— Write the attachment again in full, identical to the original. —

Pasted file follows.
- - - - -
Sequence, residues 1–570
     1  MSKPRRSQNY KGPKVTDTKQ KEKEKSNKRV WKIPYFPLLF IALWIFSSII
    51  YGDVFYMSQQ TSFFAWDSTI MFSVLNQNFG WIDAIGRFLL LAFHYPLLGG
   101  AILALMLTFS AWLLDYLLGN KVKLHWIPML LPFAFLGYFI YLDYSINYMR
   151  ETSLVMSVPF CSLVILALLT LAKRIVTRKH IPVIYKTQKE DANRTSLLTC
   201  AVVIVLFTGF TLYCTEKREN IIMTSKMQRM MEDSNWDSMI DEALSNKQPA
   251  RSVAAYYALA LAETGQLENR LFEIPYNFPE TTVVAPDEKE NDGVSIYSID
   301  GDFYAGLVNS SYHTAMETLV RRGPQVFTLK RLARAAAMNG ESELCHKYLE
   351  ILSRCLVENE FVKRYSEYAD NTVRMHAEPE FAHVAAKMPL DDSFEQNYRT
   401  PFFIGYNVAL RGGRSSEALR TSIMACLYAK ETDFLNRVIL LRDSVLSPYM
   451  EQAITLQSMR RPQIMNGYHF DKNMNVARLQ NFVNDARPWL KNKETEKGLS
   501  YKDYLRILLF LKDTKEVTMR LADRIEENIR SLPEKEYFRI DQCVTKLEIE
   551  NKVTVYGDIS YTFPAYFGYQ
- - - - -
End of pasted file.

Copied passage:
Sequence, residues 1–570
     1  MSKPRRSQNY KGPKVTDTKQ KEKEKSNKRV WKIPYFPLLF IALWIFSSII
    51  YGDVFYMSQQ TSFFAWDSTI MFSVLNQNFG WIDAIGRFLL LAFHYPLLGG
   101  AILALMLTFS AWLLDYLLGN KVKLHWIPML LPFAFLGYFI YLDYSINYMR
   151  ETSLVMSVPF CSLVILALLT LAKRIVTRKH IPVIYKTQKE DANRTSLLTC
   201  AVVIVLFTGF TLYCTEKREN IIMTSKMQRM MEDSNWDSMI DEALSNKQPA
   251  RSVAAYYALA LAETGQLENR LFEIPYNFPE TTVVAPDEKE NDGVSIYSID
   301  GDFYAGLVNS SYHTAMETLV RRGPQVFTLK RLARAAAMNG ESELCHKYLE
   351  ILSRCLVENE FVKRYSEYAD NTVRMHAEPE FAHVAAKMPL DDSFEQNYRT
   401  PFFIGYNVAL RGGRSSEALR TSIMACLYAK ETDFLNRVIL LRDSVLSPYM
   451  EQAITLQSMR RPQIMNGYHF DKNMNVARLQ NFVNDARPWL KNKETEKGLS
   501  YKDYLRILLF LKDTKEVTMR LADRIEENIR SLPEKEYFRI DQCVTKLEIE
   551  NKVTVYGDIS YTFPAYFGYQ